5 Companies That Came To Win This Week
For the week ending Oct. 13, CRN takes a look at the companies that brought their ‘A’ game to the channel, including Lenovo, IBM, Atlassian, AMD and SuperOps.ai.
The Week Ending Oct. 13
Topping this week’s Came to Win list is Lenovo for its bold plan to invest $1.2 billion into its artificial intelligence R&D efforts with an emphasis on bringing AI capabilities to the edge.
Also making the list is IBM for CEO Arvind Krishna’s vow to grow channel sales to account for 50 percent of the IT giant’s revenue. Project management application developer Atlassian is here for its savvy acquisition in the video messaging space, as is chip designer AMD for a strategic AI software acquisition. And MSP tool startup SuperOps.ai wins applause for a successful funding round that will boost its R&D and go-to-market efforts.
And a special round of applause for the 42 solution providers that made the 2023 edition of the CRN Triple Crown Award.
Lenovo Investing $1.2 Billion In AI As It Eyes Edge Growth Via Partners
Lenovo is investing $1.2 billion into artificial intelligence R&D to help bring AI to the edge for customers and to drive partner sales.
Speaking at the 2023 XChange Best of Breed Conference in Atlanta this week, Stacey Goodman (pictured), Lenovo senior director of U.S. VAR Partner Sales, said the investments will help the company and its partners tap into the opportunities created by the fast-growing AI server and storage system market that is expected to reach $29 billion in 2024.
While there has been a great deal of focus on the impact AI development and deployment will have on data centers, Charles Ferland, Lenovo vice president and general manager for Edge Computing & Communication Service Providers, said at the conference that Lenovo believes that more than 80 percent of AI revenue will be generated by AI deployments at the edge.
Lenovo has partnered with multiple AI superstars such as Nvidia to boost its ThinkEdge technology portfolio to help customers and partners as they implement AI.
IBM CEO Krishna Aims To Grow Revenue From Partners To 50 Percent
IBM Chairman and CEO Arvind Krishna this week renewed what he called “a hard commitment” to grow the amount of IBM revenue that comes through the channel to 50 percent of the IT giant’s total revenue.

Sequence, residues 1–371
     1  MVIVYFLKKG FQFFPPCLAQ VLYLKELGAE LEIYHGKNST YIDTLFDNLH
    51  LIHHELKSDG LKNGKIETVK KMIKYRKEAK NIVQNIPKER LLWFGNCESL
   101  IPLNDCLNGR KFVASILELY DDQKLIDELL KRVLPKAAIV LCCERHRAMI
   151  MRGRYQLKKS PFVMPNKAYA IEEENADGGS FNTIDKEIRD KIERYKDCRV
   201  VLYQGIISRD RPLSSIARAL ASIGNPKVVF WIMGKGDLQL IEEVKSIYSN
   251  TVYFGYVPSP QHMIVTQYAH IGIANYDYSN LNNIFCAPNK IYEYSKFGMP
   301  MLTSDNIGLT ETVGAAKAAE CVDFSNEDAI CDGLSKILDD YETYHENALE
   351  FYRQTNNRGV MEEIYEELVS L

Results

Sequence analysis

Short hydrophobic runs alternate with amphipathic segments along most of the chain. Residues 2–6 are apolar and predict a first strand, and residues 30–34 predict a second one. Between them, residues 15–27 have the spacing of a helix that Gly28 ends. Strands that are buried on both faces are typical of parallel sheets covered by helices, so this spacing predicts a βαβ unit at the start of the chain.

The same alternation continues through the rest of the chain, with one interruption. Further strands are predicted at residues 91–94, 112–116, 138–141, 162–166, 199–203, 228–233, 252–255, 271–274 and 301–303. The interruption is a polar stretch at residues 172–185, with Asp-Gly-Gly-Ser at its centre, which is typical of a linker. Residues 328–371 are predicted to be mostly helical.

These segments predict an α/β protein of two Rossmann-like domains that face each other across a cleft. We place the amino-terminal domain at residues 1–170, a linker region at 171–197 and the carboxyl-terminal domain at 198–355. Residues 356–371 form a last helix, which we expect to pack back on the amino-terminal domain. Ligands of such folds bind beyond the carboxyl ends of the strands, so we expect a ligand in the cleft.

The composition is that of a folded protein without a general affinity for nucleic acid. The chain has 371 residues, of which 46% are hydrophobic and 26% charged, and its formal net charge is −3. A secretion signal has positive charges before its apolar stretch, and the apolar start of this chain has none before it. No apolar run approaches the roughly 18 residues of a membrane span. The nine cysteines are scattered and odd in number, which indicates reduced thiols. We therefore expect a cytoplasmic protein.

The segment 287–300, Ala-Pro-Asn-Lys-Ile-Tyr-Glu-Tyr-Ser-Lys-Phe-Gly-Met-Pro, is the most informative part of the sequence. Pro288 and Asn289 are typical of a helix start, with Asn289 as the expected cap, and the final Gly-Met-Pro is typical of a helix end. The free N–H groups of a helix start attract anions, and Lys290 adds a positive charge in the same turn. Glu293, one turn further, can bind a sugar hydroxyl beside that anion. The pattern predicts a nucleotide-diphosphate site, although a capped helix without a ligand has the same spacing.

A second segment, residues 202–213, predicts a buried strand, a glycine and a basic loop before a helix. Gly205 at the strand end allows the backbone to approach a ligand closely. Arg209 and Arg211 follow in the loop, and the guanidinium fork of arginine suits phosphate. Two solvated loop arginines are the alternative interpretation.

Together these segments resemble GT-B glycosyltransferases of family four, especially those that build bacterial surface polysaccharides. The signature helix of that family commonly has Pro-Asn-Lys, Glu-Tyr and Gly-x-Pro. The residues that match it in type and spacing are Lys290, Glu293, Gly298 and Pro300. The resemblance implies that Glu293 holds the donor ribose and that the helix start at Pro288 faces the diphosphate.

During an on-stage Q&A before an audience of solution providers at the 2023 XChange Best of Breed Conference in Atlanta this week, hosted by CRN parent The Channel Company, Krishna pledged to create more opportunities for partners to work with IBM, especially in artificial intelligence where Krishna said the opportunity is in the “hundreds of billions” of dollars.
Currently about 30 percent of IBM’s revenue comes through the channel.
Krishna said that IBM has been investing in its channel partner program, including adding more than 4,000 new partners in the last 12 months, and has increased partner incentives. The company now has 55,000 partners worldwide, 12,000 of them in North America.
Atlassian To Buy Video Messaging Specialist Loom For $975M
Project management application provider Atlassian is getting serious about video collaboration. The company makes this week’s list for its deal to acquire video messaging platform developer Loom for nearly $1 billion.
The acquisition will help Atlassian, the vendor behind such tools as Jira, Confluence and Trello, boost its collaboration capabilities within its project management software and let users easily work video into their existing workflows, the companies said.
Atlassian said that Loom will remain available as a stand-alone product. Once the acquisition is complete, the company plans on integrating Loom across its full suite of project management tools.
The deal, with a $975 million price tag, is expected to close during Atlassian’s fiscal third quarter ending in March 2024.
AMD Makes Second AI Software Acquisition In Less Than Two Months
Staying on the topic of strategic acquisitions, AMD this week said it had acquired Nod.ai, the chip maker’s second AI software startup acquisition in less than two months.
Nod.ai develops compiler-based automation software to optimize AI applications for hyperscalers, enterprise businesses and startups. With the acquisition AMD is looking to boost its open software capabilities to better compete with rival Nvidia.
In August AMD bought French startup Mipsology in a bid to strengthen its AI inference software capabilities.
The rapid-fire software investments are part of AMD CEO Lisa Su’s plan to mount its largest challenge yet to Nvidia’s AI computing prowess, a plan that includes the upcoming launch of its Instinct MI300 chips this quarter and the development of a unified AI software stack.
MSP-Focused Upstart SuperOps.ai Raises $12M For Go-To-Market, R&D
MSP technology provider SuperOps.ai this week raised $12.4 million in a Series B funding round, financing the startup plans to apply to expanding its go-to-market efforts and research and development operations.
The new funding comes on the heels of the company’s 300 percent growth over the last 12 months. And just last week the company hired channel veteran Juan Fernandez to lead its U.S. channel operations.
The Claymont, Del.-based startup has raised a total of $30 million in funding since it was founded in 2019.
Since launching three years ago SuperOps.ai has debuted PSA, RMM, project management and IT documentation applications. This week it added advanced network monitoring capabilities to its platform.